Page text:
Increasing Whole Grains In Your Child's Diet

Did you know that September is whole grains month? For some, grains are something not included in the diet due to desire to decrease carbohydrates. Many people consume the wrong kind of carbohydrates and do not focus on utilizing whole grains in their diet. Whole grains can be an important part of your child’s diet.

What is a whole grain?

A product is whole grain if the entire kernel has been used to make the product. The parts of the grain kernel are the bran, endosperm, and germ. The bran is the outside layer and it contains antioxidants, B vitamins, and fiber. The germ is the center of the grain and it holds multiple B vitamins, protein, minerals, and fats. When making refined grains the bran and germ are removed, leaving the endosperm. The endosperm provides energy to the young wheat plant and has starchy carbohydrates, protein, some minerals and some healthy fats.

Why eat whole grains?

Each part of the grain contains different nutrients, which is why it is good to include whole grains as a regular part of our diets. There are also many health benefits to whole grains which include decreased cancer risk, heart disease, and diabetes.

Whole grains also contain increased amounts of fiber, which can help make slow digestion and make one feel fuller longer.

Refined grains only contain part of the grain kernel; therefore, the full nutrition benefits are not present.

How do you know if something is a good source of whole grains?

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The best rule for determining if a product is a good source of whole grains is to see if whole grain is listed as the first ingredient. Examples of grains that are whole grains are whole wheat flour, whole grain oats, brown rice, quinoa, and barley to name a few. For a more extensive list of whole grains please go to the Whole Grains Council website.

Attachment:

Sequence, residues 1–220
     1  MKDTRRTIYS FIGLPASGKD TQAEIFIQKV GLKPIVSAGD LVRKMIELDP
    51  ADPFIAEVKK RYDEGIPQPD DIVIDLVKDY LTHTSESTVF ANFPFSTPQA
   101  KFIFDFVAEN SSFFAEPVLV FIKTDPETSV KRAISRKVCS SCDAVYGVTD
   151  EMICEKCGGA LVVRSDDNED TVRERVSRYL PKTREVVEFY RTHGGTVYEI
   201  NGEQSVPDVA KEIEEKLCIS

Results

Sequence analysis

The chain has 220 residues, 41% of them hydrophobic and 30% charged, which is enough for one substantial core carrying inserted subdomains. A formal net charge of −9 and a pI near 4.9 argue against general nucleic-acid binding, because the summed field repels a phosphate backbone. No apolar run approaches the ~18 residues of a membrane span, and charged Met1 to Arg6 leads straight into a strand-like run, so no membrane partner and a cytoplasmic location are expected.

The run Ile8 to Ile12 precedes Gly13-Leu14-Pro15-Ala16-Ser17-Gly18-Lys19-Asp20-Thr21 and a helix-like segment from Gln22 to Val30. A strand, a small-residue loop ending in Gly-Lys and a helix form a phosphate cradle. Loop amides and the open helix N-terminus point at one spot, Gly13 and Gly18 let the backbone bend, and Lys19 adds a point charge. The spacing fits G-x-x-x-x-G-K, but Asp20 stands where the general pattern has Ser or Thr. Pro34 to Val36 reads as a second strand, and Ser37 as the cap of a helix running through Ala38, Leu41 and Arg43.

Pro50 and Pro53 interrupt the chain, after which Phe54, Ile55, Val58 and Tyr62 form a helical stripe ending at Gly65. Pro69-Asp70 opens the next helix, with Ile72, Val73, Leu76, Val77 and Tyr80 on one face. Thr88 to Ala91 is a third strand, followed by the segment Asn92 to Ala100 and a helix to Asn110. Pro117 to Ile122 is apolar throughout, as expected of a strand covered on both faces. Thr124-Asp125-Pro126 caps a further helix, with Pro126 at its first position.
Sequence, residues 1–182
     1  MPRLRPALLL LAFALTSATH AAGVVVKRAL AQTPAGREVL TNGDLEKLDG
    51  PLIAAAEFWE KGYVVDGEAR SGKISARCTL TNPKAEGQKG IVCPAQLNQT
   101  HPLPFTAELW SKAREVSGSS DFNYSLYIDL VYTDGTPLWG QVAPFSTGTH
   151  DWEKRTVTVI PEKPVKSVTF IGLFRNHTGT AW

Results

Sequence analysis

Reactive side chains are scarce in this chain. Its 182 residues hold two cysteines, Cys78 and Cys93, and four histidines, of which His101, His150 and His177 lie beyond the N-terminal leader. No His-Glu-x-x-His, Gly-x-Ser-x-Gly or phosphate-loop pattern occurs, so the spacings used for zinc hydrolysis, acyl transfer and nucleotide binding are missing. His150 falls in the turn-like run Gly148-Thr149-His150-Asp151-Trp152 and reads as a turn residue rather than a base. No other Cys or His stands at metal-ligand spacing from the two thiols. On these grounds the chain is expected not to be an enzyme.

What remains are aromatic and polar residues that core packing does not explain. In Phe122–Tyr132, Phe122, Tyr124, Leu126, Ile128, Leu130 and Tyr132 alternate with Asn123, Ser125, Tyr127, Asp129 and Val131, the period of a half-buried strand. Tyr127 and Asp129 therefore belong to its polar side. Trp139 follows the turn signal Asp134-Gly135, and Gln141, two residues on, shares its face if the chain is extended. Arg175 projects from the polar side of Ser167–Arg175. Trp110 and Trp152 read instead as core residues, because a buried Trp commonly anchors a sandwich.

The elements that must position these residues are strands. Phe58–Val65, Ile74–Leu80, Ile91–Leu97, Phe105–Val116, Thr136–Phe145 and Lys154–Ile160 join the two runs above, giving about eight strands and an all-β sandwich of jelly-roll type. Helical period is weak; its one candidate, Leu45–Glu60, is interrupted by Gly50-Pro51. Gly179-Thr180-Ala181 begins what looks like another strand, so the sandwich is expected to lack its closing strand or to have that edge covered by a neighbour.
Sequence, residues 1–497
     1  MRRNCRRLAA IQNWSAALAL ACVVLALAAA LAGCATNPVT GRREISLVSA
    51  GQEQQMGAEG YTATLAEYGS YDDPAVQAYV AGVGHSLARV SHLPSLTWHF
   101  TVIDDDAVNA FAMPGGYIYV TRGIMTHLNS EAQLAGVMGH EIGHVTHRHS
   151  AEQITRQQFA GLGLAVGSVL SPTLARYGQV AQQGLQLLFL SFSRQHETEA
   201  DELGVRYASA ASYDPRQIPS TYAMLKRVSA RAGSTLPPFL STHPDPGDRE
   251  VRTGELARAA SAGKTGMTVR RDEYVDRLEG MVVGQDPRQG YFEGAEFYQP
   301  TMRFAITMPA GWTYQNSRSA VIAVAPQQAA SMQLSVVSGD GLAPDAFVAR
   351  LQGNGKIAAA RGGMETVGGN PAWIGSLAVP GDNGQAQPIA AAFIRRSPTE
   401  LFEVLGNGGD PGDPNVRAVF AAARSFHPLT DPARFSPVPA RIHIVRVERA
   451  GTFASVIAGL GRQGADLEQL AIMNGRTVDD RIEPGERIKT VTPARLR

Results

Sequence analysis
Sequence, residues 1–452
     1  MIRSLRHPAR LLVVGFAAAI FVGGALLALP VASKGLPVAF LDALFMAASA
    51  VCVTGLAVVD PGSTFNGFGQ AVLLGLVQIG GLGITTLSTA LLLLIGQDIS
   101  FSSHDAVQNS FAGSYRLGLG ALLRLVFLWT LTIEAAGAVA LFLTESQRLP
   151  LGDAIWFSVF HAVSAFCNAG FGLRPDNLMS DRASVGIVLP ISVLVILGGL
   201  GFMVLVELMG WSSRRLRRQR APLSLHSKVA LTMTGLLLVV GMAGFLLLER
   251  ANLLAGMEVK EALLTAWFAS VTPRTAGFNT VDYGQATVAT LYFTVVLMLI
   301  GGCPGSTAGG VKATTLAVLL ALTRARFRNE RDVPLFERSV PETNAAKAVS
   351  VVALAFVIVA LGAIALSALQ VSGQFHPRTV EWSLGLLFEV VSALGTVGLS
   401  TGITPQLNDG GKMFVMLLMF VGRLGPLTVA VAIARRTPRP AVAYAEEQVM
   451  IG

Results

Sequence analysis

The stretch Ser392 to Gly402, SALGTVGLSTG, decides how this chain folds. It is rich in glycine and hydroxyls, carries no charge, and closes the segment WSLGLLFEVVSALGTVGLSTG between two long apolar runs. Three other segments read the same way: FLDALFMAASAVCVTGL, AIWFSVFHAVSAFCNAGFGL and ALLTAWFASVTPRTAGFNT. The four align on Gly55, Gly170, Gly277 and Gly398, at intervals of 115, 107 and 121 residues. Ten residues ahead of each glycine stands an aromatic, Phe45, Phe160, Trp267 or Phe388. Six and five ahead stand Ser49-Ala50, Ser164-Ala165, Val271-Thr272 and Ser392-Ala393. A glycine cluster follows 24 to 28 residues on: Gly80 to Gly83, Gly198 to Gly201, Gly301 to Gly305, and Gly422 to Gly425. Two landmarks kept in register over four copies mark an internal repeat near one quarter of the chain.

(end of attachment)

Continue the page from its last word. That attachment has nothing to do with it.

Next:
Some products may contain a whole grain stamp. The stamp will state if the product is 100% whole grain, 50% whole grain, or that is contains at least 8 grams of whole grain.

How much whole grains do kids need?

Overall, it is recommended that ½ of your grains come from whole grains. The number of grain servings needed per day depends upon the child’s age.

Recommended total grain servings per day for kids (at least ½ should come from whole grains)

Age                                                  Recommended Range

2-3 years                                        1 ½ - 3 ounces

4-8 years                                        2 ½- 5 ounces

9-13 years (girls)                         3-5 ounces

14-18 (girls)                                  3-6 ounces

9-13 (boys)                                    3-6 ounces

14-18 (boys)                                 4-8 ounces

Examples of foods that count as 1 ounce of grains are 1 regular slice of whole grain bread, 5 whole grain crackers, ½ of a whole wheat English muffin, ½ cup of cooked oatmeal, 3 cups of popcorn, and 1 small whole grain tortilla (6 inches).

Tips for getting more whole grains for your child

·       Use whole grain tortillas for quesadillas

·       Mix rolled oats into pancake and muffin batter

·       Change to whole wheat bread for sandwiches

·       Use whole grain pasta-If your family has concerns about the texture mix whole grain pasta with regular pasta to start.

·       Utilize popcorn as a snack

·       Make baked good with whole wheat flour-see my recipe for Chocolate Avocado muffins

·       Add grains like quinoa, sorghum, and barley to soups

There are so many possibilities to get whole grains into a child’s diet. In the age of people fearing carbohydrates I believe that families need to give whole grains a chance to nourish their child.

For more information on whole grains:

Whole Grains Council

My Plate

For a recipe that includes whole grains that I guarantee your family will love check out my recipe for Chocolate Avocado Muffins

Family HealthAmy ReedComment